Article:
Beware of Business Coaching Scams

Have you seen websites or ads, or gotten telephone calls that say a home-based internet business could be your ticket to making easy cash? Some claim a business coaching program will help you get going. Before you respond to an offer for business coaching services, keep your money in your wallet and your eye on a recent case brought by the FTC.

The FTC has announced a settlement with Ivy Capital and related companies alleging that the companies sold bogus business coaching services to people by phone after the consumers responded to online ads or e-mails for work-at-home opportunities. Using high-pressure sales tactics, Ivy Capital promised big online earning potential, access to expert business developers, and insider tools and tactics to help consumers successfully launch Internet businesses. People who bought these services had virtually no success. Many were coaxed into spending thousands of dollars upfront for services and guidance that were readily available for free and that could not realistically help them make substantial money online.

What should you know before starting a home-based internet business?

  • Don’t pay for free information. You can get free business development advice and counseling by experts in the field through government agencies like the Small Business Administration and community colleges with small business centers.
  • Do your own research. Are you familiar with the company and its products or services? Is the company affiliated with a legitimate certification or business accreditation program? Does the company have a good reputation? A good way to find out is to type the company name in a search engine with terms like “scam” or “complaint.”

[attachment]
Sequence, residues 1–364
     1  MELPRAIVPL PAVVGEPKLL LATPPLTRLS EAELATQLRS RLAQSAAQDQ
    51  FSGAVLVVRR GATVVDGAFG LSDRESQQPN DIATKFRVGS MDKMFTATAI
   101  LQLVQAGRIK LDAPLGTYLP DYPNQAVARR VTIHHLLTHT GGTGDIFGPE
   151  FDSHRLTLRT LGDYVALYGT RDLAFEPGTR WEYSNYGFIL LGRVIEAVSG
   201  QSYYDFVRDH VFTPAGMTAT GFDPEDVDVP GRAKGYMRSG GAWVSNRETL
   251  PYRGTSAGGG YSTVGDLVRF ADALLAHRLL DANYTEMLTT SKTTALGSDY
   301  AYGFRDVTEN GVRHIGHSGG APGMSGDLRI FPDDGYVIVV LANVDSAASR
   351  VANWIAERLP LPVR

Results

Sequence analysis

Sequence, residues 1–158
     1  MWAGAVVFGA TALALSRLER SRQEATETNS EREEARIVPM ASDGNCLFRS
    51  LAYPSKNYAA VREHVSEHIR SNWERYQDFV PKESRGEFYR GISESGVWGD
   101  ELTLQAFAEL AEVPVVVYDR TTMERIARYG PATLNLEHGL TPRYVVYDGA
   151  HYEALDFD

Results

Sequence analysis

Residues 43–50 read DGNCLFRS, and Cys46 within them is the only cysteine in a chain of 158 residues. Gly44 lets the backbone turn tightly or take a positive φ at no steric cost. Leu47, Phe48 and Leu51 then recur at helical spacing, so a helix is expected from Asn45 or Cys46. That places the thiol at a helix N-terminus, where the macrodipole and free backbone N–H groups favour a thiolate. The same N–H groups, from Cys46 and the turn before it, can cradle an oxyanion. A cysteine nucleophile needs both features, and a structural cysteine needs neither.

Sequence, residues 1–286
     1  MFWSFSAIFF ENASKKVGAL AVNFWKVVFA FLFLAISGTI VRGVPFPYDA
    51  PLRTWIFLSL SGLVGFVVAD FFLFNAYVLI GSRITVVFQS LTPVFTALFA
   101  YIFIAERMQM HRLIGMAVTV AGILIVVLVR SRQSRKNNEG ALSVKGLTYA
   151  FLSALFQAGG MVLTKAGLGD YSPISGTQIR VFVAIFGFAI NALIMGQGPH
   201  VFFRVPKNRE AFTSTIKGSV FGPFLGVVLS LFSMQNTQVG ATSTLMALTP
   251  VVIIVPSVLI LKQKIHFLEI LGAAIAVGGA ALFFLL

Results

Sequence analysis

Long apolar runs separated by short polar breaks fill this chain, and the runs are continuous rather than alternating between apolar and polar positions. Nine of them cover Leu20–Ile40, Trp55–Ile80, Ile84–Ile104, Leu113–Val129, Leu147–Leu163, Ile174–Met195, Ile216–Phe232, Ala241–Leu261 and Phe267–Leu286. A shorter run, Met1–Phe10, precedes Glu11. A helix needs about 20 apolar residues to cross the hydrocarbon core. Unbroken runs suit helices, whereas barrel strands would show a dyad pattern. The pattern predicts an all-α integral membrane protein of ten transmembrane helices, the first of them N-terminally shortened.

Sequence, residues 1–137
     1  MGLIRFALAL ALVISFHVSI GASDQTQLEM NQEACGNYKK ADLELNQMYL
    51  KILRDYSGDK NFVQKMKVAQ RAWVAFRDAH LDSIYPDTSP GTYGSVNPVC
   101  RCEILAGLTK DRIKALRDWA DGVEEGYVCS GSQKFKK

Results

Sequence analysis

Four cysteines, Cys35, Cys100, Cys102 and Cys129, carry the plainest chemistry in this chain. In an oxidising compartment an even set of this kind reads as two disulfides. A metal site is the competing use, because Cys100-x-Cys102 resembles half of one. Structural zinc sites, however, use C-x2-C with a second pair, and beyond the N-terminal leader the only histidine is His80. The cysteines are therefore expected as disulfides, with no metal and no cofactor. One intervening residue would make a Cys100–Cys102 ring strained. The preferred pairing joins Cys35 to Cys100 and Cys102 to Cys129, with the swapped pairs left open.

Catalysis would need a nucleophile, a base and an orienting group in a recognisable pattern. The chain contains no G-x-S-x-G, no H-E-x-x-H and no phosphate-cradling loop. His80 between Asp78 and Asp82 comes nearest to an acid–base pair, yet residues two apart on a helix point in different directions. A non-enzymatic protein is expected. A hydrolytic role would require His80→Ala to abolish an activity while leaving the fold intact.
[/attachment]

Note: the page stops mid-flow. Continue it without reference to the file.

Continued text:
• Beware of the “upsell.” If you find yourself paying for a product or service you have yet to receive, and then get additional calls pressuring you to plunk down even more money for another level of product or service, that’s a red flag. It’s better to cut your losses now. If you think it’s a scam, file a complaint with the FTC.

Want to know more? Check out BusinessUSA for help with starting your own home-based internet business, and hear our new one-minute audio tip.

Work at Home Scams

Blog Topics: 
Jobs & Making Money

Comments

A hacker for over a year and cannot get rid of him, He has control of email and All email accounts! BarbaraMeggs

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how many scam complaints does it take for a company to be investigated?

There is a huge distinction between a professional business coaching and a business coaching system for an online offer. It would be great if you would draw the distinction between the two, and take some of the ill repute pressure off of the highly viable profession of business coaching. Not all coaches are members of an affiliate marketing scam. I don't think the article reflects that very well.

the information i sent to you did not name any names but i can prove my case and send you the details to which will show exactly what happened. if you could help direct me or guide me to a dept that i have not already contacted then i would be greatful. i am not claiming all coachs are members of an affiliate scam but i know of one that is and that scammed me along with thousands of others.

Hi, Tillie,

If you want to file a complaint, please visit ftc.gov/complaint. Hundreds of law enforcement agencies across the country use our complaint database to recognize abusive patterns and bring cases against companies that break the law. There's no specific number of complaints needed to begin a new investigation.

To be a coach is a serious profession.

To grow, develop and thrive in your career, to vastly expand your skills, abilities, satisfaction, results and compensation.

When you talk to one of business coaches, you will better grasp what it is you want to do, and determine how to get there.

Before buying coaching services from anywhere, manual checks must be made in order to ensure how legitimate the service provider is, their certification, their references, their experience and case studies.

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